How popular is the baby name Harriet in the United States right now? How popular was it historically? Find out using the graph below! Plus, check out all the blog posts that mention the name Harriet.

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Popularity of the Baby Name Harriet


Posts that Mention the Name Harriet

Numerology & Baby Names: Number 7

baby names that add up to 7, numerologically

Here are hundreds of baby names that have a numerological value of “7.”

I’ve sub-categorized them by overall totals, because I think that some of the intermediate numbers could have special significance to people as well.

Within each group, I’ve listed up to ten of the most popular “7” names per gender (according to the current U.S. rankings).

Beneath all the names are some ways you could interpret the numerological value of “7,” including descriptions from two different numerological systems.

7

The girl name Aada adds up to 7.

7 via 16

The following baby names add up to 16, which reduces to seven (1+6=7).

  • “16” girl names: Ana, Jada, Alba, Heba, Fia, Jae, Adaia, Adja, Cece, Daja
  • “16” boy names: Chad, Cal, Jae, Cage, Efe, Dak, Che, Adib, Abdi, Ehab

7 via 25

The following baby names add up to 25, which reduces to seven (2+5=7).

  • “25” girl names: Cali, Amaia, Jaida, Baila, Naia, Ahana, Danae, Ania, Laci, Adara
  • “25” boy names: Jack, Gael, Aaden, Aedan, Abbas, Jan, Asad, Saad, Ahaan, Ike

7 via 34

The following baby names add up to 34, which reduces to seven (3+4=7).

  • “34” girl names: Grace, Amara, Lila, Thea, Amanda, Elle, Danna, Anne, Bailee, Della
  • “34” boy names: Micah, Jaden, Chance, Hank, Noe, Carl, Chaim, Canaan, Kacen, Neo

7 via 43

The following baby names add up to 43, which reduces to seven (4+3=7).

  • “43” girl names: Chloe, Ellie, Alexa, Andrea, Gracie, Ember, Annie, Talia, Alanna, Karla
  • “43” boy names: Finn, Mark, Derek, Rafael, Iker, Beckham, Jaiden, Keegan, Erik, Aarav

7 via 52

The following baby names add up to 52, which reduces to seven (5+2=7).

  • “52” girl names: Hazel, Nova, Naomi, Aubree, Reese, Arabella, Dakota, Charlee, Nyla, Jimena
  • “52” boy names: Cayden, Dakota, Seth, Raul, Cason, Jamari, Reese, Marcel, Keanu, Ishaan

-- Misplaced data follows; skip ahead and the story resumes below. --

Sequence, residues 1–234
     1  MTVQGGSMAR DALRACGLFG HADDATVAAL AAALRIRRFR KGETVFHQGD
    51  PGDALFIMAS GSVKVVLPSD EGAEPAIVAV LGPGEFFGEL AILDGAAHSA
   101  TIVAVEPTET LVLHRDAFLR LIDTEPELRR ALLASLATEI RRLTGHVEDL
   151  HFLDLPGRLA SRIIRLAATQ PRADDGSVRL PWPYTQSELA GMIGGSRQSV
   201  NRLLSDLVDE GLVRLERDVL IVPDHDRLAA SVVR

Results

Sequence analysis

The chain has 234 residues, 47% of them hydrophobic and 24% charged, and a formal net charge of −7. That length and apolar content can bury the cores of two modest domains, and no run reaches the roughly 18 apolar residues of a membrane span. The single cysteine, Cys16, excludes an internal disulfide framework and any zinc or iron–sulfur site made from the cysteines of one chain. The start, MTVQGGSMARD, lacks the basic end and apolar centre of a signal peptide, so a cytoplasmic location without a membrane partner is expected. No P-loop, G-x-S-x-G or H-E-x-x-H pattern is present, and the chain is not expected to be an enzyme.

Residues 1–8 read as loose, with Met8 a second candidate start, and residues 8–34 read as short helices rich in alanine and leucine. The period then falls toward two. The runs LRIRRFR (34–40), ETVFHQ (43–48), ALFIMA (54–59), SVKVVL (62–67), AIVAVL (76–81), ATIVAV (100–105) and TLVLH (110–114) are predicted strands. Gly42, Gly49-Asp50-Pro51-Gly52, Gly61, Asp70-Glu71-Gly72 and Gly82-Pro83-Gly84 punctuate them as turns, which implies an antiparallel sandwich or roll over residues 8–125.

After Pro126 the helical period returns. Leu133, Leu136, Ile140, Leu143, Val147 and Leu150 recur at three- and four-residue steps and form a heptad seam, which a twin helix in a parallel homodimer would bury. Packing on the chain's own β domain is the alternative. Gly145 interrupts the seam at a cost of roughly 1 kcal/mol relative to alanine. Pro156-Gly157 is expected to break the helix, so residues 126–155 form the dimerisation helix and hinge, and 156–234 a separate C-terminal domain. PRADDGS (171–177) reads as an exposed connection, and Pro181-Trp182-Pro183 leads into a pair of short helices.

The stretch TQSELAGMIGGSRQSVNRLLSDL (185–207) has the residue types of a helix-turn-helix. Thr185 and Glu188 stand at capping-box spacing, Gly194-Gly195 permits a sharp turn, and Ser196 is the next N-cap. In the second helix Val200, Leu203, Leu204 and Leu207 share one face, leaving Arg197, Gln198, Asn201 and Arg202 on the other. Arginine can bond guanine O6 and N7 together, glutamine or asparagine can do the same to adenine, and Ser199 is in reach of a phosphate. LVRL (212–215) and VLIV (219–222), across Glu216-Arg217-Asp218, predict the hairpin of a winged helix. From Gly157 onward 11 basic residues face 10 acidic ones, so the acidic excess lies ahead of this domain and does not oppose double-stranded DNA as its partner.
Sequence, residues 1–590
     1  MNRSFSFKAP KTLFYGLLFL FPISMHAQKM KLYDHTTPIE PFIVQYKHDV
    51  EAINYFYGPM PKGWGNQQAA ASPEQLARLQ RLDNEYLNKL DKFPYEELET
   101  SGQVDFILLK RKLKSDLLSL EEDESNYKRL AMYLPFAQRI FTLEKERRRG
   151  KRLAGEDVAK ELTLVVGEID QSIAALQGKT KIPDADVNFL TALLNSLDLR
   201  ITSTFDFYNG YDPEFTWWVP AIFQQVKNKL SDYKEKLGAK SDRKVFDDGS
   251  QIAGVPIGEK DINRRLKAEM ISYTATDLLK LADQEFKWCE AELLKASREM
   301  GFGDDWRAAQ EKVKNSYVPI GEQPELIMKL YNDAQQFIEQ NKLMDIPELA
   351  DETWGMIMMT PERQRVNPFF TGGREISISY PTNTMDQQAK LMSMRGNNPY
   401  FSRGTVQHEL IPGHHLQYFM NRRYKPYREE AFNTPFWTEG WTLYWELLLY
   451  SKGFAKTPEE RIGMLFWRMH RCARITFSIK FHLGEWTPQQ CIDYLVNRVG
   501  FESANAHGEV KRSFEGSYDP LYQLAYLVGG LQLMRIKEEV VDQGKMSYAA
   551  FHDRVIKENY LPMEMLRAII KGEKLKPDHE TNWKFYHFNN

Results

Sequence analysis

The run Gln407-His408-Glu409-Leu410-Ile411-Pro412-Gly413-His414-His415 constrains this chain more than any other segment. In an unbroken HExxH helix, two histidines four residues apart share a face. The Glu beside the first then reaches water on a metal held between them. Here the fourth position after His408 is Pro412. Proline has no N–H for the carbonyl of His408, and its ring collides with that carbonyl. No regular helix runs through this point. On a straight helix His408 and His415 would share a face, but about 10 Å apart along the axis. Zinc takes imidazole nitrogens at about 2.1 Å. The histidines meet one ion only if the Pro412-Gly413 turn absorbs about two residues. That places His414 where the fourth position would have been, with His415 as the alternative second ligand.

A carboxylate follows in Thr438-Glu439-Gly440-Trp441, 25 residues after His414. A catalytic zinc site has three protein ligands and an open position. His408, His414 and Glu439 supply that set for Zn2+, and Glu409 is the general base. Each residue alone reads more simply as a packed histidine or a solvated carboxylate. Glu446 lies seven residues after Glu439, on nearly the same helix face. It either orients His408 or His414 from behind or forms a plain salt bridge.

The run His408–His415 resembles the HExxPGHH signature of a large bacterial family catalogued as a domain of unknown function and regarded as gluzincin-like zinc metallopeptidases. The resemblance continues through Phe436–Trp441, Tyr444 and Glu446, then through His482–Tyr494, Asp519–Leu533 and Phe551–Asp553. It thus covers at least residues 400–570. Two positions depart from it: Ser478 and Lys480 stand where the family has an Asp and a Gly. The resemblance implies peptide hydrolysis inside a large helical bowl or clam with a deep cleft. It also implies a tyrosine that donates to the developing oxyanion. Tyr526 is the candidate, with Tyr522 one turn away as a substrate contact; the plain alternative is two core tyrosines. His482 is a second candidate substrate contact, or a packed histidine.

7 via 61

The following baby names add up to 61, which reduces to seven (6+1=7).

  • “61” girl names: Isabella, Lucy, Adelyn, Catalina, Mckenna, Luciana, Miracle, Jolene, Aylin, Meadow
  • “61” boy names: Roman, Kevin, Luis, Maddox, Calvin, Richard, Andres, Corbin, Nasir, Remy

7 via 70

The following baby names add up to 70, which reduces to seven (7+0=7).

  • “70” girl names: Eleanor, Ashley, Lilly, Alexis, Lilliana, Kenzie, Alison, Sierra, Francesca, Lilith
  • “70” boy names: Henry, Carson, Ryder, Josue, Simon, Walker, Rylan, Finnegan, Otto, Philip

7 via 79

The following baby names add up to 79, which reduces to seven (7+9=16; 1+6=7).

  • “79” girl names: Rosalie, Maddison, Cheyenne, Ashlyn, Haisley, Evalyn, Adilynn, Harriet, Kyndall, Beatrix
  • “79” boy names: William, Lincoln, Connor, Colton, Xavier, Walter, Gunner, Warren, Harvey, Frederick

7 via 88

The following baby names add up to 88, which reduces to seven (8+8=16; 1+6=7).

  • “88” girl names: Elizabeth, Penelope, Journee, Jazlyn, Madelynn, Sylvia, Katelyn, Karsyn, Poppy, Kassidy
  • “88” boy names: Antonio, Francisco, Kashton, Jaxxon, Karsyn, Terrence, Immanuel, Santos, Brenton, Zephaniah

7 via 97

The following baby names add up to 97, which reduces to seven (9+7=16; 1+6=7).

  • “97” girl names: Victoria, Stephanie, Evelynn, Jacqueline, Kathryn, Itzayana, Emmalynn, Yvette, Millicent, Josephina
  • “97” boy names: Anthony, Brantley, Bronson, Valentin, Jonathon, Tyrone, Johnpaul, Kentrell, Stephon, Marshawn